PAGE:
My first pass at the walk, Tucker was in full drama-llama mode.  I imagine his thought process went something like this:  “Mother, do not panic, but there is DANGER in that corner.  Fear not, m’lady.  I, your valiant steed, shall protect you from the Man, and the Hole, and the Large Orange Thing.  I have experience with these sorts of Things and will tell you that Large Orange Things have a tendency to Make Loud Noises, but do not be alarmed.  I shall move swiftly past this dangerous area, I shall not take my eyes off of these creatures, lest they should attack suddenly, and I shall escort you quickly to safety.” 

I gave him a pat for his “bravery” and we changed direction and did another lap of the ring.  Upon reaching that corner, we repeated the same pattern, with slightly less “high alert.”  More like “moderate alert.”  “Once more into the breach, dear friends, once more.  As I have done before, I shall carry you through this treacherous territory.  We shall face all manner of evils.  There is a Man, and a Hole, and Large Orange Thing with a Tendency to Make Loud Noises — but do not give up hope.  I, your brave and conquering hero, will not rest until you are carried safely past.”

I figured since he managed not to give himself a heart attack yet, we could probably attempt a trot.  We circled at the other end of the ring for a few minutes, where I had about 80% of his attention.  Not bad.  I figured we could try trotting down the long side.  “Alas, I fear the worst is upon us.  My rider has lost her sight.  She moves forward blindly, completely unaware that she is steering us straight into the belly of the beast!  I must take over the helm!”   We then started trotting sideways, across the arena.  Lovely half pass Tucker.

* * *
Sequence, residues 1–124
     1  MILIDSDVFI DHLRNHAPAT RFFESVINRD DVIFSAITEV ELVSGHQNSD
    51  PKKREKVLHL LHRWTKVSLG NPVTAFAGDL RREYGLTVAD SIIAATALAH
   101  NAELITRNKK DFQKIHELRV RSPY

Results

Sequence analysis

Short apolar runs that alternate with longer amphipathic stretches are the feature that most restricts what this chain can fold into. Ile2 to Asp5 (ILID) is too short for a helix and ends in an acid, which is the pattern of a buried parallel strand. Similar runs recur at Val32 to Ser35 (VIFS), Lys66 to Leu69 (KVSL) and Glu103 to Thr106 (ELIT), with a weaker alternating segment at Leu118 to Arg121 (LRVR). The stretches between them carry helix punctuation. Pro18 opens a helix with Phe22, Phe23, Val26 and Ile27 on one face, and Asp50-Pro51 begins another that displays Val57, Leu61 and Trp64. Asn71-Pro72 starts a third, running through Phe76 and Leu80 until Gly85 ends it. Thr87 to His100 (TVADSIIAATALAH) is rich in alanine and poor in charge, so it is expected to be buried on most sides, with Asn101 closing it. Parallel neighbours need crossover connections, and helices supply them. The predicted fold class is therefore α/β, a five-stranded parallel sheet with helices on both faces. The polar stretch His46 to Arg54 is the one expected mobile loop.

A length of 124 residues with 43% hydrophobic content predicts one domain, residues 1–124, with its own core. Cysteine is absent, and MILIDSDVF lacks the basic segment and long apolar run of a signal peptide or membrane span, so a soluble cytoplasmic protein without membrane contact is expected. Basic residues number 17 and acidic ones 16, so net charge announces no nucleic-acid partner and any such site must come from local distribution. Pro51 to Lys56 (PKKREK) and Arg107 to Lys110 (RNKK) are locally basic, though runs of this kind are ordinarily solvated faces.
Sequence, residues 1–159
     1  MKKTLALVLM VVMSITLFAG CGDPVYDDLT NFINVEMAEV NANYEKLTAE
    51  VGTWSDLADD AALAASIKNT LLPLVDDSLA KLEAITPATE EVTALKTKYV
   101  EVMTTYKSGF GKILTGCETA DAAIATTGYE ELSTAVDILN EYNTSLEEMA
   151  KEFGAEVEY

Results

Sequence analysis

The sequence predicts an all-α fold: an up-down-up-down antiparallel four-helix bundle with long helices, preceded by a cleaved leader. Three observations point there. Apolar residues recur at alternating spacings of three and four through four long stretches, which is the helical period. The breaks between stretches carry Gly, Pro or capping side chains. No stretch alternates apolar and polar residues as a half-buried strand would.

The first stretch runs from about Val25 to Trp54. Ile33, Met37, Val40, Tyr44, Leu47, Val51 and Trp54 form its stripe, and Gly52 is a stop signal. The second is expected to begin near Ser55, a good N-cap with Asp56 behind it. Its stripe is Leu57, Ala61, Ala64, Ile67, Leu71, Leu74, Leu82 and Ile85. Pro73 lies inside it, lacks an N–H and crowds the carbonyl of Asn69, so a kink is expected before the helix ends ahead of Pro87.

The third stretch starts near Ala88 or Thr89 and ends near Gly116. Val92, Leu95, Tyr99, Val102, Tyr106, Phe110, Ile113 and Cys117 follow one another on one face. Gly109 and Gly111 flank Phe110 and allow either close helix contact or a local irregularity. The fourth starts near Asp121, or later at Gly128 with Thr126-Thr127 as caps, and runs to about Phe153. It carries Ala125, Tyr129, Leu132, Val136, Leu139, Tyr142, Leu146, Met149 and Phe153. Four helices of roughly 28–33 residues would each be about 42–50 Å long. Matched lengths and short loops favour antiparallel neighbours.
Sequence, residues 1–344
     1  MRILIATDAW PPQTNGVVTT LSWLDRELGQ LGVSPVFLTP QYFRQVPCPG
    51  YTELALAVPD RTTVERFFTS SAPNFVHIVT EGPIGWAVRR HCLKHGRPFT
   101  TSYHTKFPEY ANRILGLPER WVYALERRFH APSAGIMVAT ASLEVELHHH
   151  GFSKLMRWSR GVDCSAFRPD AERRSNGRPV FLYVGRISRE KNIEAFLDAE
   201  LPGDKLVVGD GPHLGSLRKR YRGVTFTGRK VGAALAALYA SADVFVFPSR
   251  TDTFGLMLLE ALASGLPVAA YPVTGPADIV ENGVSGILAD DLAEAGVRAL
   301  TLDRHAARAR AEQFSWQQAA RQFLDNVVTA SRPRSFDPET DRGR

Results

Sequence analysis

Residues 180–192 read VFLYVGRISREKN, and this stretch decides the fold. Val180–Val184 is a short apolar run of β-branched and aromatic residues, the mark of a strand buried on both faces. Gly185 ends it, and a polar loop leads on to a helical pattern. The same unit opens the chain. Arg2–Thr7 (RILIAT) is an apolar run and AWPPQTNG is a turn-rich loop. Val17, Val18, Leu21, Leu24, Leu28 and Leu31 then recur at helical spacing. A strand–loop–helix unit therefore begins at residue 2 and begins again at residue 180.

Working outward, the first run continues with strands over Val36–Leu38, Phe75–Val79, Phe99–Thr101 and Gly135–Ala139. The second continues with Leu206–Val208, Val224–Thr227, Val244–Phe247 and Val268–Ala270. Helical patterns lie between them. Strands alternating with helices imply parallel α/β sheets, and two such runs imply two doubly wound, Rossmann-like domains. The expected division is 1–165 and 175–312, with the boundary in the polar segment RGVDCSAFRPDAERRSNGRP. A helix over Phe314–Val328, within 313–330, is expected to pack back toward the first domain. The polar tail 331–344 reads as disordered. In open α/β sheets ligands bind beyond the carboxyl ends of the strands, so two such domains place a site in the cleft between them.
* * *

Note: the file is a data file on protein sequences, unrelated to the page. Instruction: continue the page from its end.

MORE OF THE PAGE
I made a circle to see if we could possibly travel in a straight line past the corner of doom.  “She may have lost her mind entirely!  I’ve got no choice but to move as fast as I can past the Man, the Hole, and the Large Orange Thing with a Tendency to Make Loud Noises!  She clearly has no sense of the imminent peril we are facing!  Thank God one of us is a flight animal!”  We managed to trot around the corner, albeit at a pace a little quicker than what I had in mind.  Still, though, he was holding it together.

I stuck to the top half of the ring for most of the ride, occasionally venturing down to the bottom third but trying not to make too big of a deal.  At one point though, we were tracking left, approaching the death triangle from the short side of the arena, when the nice man working on the cement pad emerged from his SUV.  Tucker stopped dead in his tracks, head straight in the air.  “The Man is emerging from his cave of death and destruction!  What evil plan is he hatching now?  I mustn’t move a muscle, and perhaps he will move along and leave us unharmed.  My rider is oblivious to the danger, it is up to me now.  If I move one inch, there is a chance that the Man will use his Large Orange Thing with a Tendency to Make Loud Noises to drive us into the Hole, never to be seen or heard from again.  Well I’ve got news for him:  Not on my watch buddy!  What’s this?  She’s sending me on?  Has the WHOLE WORLD GONE MAD?!”